Multiple teams work together to provide a satisfying experience for customers seeking assistance via customer service. Everything depends on the quality of the interaction.   

5 Practices for better customer service experience   

5 Practices for better customer service experience

Generally, good customer service is characterized by a mix of the following 5 practices: 

1. Personalization   

Communicating with your customers on a more individual level is always appreciated, regardless of the size of your business. More people are receptive to the idea of humanizing the company as the domain provides more opportunities to do so.  

Just think that 60% of consumers are more likely to become repeat buyers after a personalized experience. Customers like dealing with actual people, not faceless corporations. 

2. Providing help across multiple channels 

Customers who are too busy to call the company’s main number or would like a more flexible method of contact might benefit from the availability of other communication channels. In this regard, staff members should be well-versed in assisting via email, chat, and social media.  

But remember, while using the email approach, make it clear to customers that you need at least 24 hours to answer their emails. A consumer who has a query or wants to point out an issue would appreciate a quick answer.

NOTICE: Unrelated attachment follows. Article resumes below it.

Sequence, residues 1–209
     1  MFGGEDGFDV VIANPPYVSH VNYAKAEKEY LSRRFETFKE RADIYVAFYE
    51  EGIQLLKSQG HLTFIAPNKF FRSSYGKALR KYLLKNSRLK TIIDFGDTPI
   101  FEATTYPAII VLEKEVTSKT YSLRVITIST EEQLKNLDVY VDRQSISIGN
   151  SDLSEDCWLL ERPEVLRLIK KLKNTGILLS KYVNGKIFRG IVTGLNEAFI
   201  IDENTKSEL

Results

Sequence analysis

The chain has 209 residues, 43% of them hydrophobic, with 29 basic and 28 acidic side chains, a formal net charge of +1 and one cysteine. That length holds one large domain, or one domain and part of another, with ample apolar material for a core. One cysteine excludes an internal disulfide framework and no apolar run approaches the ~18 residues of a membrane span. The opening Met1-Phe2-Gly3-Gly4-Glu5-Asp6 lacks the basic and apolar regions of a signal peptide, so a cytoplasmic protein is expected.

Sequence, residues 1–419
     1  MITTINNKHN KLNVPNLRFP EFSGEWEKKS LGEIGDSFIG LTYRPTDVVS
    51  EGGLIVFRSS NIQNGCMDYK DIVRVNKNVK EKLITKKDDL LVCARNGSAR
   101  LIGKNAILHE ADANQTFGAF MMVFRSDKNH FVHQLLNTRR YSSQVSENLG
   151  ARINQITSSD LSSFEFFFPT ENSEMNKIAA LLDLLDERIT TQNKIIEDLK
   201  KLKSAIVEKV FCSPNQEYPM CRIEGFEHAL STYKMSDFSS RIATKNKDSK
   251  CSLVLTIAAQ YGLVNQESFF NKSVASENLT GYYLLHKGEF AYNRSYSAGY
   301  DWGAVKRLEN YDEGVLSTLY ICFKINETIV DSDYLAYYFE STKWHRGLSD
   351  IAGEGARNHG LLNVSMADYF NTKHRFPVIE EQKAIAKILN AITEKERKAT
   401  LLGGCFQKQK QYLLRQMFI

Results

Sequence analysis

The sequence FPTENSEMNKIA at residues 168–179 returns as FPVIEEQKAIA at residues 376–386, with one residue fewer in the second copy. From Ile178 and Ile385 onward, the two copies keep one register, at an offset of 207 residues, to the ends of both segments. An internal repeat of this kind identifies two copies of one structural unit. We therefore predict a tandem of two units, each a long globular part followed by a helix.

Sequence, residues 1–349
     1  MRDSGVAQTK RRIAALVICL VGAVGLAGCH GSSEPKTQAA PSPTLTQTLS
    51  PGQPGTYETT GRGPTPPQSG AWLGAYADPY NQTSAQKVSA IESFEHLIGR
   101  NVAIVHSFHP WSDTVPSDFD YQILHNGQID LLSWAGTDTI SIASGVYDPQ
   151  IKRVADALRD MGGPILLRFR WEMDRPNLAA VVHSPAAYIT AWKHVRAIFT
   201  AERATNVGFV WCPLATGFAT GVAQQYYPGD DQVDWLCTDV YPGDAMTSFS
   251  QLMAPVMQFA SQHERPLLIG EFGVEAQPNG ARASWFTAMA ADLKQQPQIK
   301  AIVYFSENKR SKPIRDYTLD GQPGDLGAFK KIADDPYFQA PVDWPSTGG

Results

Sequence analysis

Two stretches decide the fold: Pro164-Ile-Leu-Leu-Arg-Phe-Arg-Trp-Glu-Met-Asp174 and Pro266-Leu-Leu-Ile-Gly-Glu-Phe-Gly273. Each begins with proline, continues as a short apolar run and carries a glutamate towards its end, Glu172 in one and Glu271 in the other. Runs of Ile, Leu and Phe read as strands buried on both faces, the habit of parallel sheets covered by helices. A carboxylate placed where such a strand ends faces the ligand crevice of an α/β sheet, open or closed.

Furthermore, if the consumer does not want to get in touch with the company, try to add a FAQ section to your website or publish a knowledge article, which can be a great way to keep them engaged in the process. 

3. Education and transparency   

Customers may need to be educated about a service or a product. Of course, in this process, there may arise an opportunity for cross-selling and up-selling. Yet, attempting that through underhanded manners and profiting from a customer’s lack of awareness can result in a bad experience.  

But more importantly, the representative must be fully aware of the product’s capabilities and features, as well as understand its limitations. 

There’s nothing more unpleasant than staff members giving faulty advice to send people away and pressuring them to spend additional money for no additional value. 

4. Keep a good attitude 

Having a good attitude is crucial when trying to provide first-rate services to customers.   

Sometimes, an email or a chat session may be misunderstood and seen as unfriendly, especially because the recipient doesn’t get the emotion, body language, and facial expression usually present in a direct conversation.  

This is why you should work on the tone and be open to using expressions, idioms, or emoticons to convey a more personal approach.   

Along with that, you may add a touch of surprise and excitement by remembering and rewarding loyal customers. One way to achieve this is to express gratitude to regular buyers. In that regard, a Customer Relation Management tool might help you create a more familiar environment.